Election Tuesday in Wisconsin and a bit of a peculiar take from La Crosse County clerk Ginny Dankmeyer.
Dankmeyer, Monday on La Crosse Talk PM — Wisconsin state Sen. Brad Pfaff also stopped in studio — predicted a higher than usual turnout, but in the grand scheme of things, still very low despite these local elections being vastly important.
“Yeah, the April elections, you know, they’re kind of tricky,” Dankmeyer said. “Usually, we see between a 20-24 percent turnout, depending on what’s on the ballot.
“With 19 contested county board races and some of the school district races getting pretty hot, I hope we have a much better turnout than the 20-24 percent. I hope we’re pushing 30 percent, but that would probably be unrealistic of me to hope for much more than the 30 percent turnout at an April election.”
With redistricting, the county board did add one seat and the voting lines did move, so some people will have new polling places, while others may have new voting districts. Polling places are open 7 a.m. – 8 p.m. throughout the state.
“Only the people that live in the city of La Crosse, and the city of Onalaska will probably have a new polling place. So they need to make sure they’re checking that,” Dankmeyer said, noting that myvote.wi.gov is great for looking that up. “A lot of other people may have a new supervisory district — if you live in the towns or villages — but you still go to your town hall, your village hall to vote.
“So, you’re polling place isn’t going to change for that, but you may have a different supervisory district that you’re voting in.”
The MyVote website will also help you determine what’s on your ballot, so you don’t have to cram while on your phone in the voting booth.
“West Salem has a school district referendum,” Dankmeyer said, relaying some of the things that might be seen on the ballot. “If you’re in the town of Greenfield, there’s a referendum on garbage pickup, and then, of course, there’s the countywide referendum on clean water.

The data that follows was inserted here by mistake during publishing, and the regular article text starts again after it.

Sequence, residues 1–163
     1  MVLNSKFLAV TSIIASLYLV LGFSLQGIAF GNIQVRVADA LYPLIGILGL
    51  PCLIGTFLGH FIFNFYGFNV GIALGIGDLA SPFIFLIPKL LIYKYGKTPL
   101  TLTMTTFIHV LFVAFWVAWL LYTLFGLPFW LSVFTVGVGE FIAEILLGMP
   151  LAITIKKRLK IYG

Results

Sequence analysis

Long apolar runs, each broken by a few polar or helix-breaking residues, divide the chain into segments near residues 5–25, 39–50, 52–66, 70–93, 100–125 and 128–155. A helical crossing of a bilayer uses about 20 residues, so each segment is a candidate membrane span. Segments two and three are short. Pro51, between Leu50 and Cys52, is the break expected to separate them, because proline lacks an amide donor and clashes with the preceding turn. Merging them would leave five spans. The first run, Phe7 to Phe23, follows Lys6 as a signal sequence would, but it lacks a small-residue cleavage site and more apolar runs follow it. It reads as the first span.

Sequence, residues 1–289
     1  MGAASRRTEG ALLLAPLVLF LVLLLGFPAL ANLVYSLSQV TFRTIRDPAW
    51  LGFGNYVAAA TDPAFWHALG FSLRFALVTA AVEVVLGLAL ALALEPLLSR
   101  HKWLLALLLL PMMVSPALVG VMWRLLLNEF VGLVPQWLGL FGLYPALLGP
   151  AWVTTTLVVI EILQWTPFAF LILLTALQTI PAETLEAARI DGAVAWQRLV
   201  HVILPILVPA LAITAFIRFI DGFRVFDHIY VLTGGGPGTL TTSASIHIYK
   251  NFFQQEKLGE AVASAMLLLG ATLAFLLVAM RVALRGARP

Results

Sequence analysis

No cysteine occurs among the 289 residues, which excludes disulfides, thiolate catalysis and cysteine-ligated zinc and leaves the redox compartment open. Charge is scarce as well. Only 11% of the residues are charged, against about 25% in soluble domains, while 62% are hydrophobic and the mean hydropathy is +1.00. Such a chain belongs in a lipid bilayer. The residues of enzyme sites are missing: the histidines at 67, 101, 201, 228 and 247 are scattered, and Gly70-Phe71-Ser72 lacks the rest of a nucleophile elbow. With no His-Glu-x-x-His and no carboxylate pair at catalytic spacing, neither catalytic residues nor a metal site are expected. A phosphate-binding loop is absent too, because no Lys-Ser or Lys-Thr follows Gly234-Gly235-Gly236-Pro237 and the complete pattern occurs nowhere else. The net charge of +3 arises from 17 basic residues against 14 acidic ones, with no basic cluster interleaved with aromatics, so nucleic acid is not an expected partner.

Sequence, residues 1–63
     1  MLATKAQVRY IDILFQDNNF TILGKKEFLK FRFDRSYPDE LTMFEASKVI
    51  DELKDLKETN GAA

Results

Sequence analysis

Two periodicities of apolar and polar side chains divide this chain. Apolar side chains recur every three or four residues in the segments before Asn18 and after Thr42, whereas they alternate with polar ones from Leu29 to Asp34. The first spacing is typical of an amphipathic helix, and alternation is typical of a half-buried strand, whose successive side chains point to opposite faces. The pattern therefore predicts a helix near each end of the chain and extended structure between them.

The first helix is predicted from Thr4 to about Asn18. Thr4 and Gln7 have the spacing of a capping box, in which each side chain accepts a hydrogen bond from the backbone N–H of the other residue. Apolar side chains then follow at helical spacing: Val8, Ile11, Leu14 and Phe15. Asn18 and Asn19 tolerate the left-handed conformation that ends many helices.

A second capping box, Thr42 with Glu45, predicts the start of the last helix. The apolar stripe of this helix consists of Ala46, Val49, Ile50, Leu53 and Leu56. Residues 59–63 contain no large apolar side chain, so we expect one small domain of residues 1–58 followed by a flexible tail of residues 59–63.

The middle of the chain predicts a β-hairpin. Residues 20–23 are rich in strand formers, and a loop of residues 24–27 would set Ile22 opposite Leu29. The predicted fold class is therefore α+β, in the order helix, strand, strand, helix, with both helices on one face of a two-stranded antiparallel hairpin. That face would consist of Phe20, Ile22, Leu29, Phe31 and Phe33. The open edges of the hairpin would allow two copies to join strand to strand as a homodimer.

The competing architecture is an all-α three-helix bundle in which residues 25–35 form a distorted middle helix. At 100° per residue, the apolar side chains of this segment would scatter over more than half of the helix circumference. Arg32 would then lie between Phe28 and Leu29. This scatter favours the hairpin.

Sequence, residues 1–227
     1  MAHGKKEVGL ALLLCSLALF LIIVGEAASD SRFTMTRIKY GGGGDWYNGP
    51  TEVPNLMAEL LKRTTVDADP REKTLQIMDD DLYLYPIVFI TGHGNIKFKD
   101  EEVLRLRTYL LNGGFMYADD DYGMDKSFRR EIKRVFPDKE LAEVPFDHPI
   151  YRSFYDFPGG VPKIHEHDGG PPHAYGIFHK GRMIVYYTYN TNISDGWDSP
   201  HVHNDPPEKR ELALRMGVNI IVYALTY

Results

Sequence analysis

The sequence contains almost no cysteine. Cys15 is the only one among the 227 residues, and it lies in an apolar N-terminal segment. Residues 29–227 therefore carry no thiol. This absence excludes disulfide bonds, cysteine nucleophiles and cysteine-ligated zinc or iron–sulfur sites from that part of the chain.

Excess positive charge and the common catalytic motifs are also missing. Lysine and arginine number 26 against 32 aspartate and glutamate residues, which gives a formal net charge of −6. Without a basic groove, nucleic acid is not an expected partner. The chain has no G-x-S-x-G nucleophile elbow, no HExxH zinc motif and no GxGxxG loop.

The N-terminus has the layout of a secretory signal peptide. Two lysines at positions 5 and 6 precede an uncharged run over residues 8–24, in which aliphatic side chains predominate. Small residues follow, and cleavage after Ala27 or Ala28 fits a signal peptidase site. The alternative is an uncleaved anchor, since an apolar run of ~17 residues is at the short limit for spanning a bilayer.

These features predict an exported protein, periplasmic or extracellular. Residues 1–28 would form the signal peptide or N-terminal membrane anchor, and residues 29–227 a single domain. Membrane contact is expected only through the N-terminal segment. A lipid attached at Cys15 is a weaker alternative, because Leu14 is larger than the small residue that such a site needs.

“So some places are going to have a really busy ballot and some people will probably have a pretty boring ballot with not a lot of contested races on it, but that’s that’s par for the course with the spring election.”
Along with a higher turnout, Dankmeyer said the results should come sooner than in past elections, because the voting machines have modems.
“I’m hoping by 9-9:30 (p.m.) we have all the results in,” Dankmeyer said. “There’s still a couple places that would have to bring the results in because they don’t have service to modem. But the results are going to be posted a lot sooner than what we’ve typically seen.
“And then, again, of course, these are unofficial until we do our canvas on Friday when we review everything.”
With canvassing, Dankmeyer, who’s been the clerk in La Crosse for 11 years, joked that there’s always something that comes up.
“I think we’ve done it enough that we have it pretty down but it wouldn’t be an election if there weren’t some bumps along the way,” she said.
But, she added just how much work goes into that canvassing process.
“It is very tedious, but that’s the point of it,” Dankmeyer said. “We’re going to look at each of the municipalities, each of the polling places. How many voter numbers did you issue on the poll book? Does that match how many ballots went through the machine? You know, how many absentee voters did you have?
“We’re just going through and reconciling all the numbers — make sure everything matches up. If something doesn’t match up, we want to know why and we’re going to try to find an answer for that. So, it’s a very tedious process, but that’s what we do to make sure that the integrity and security of elections are upheld.”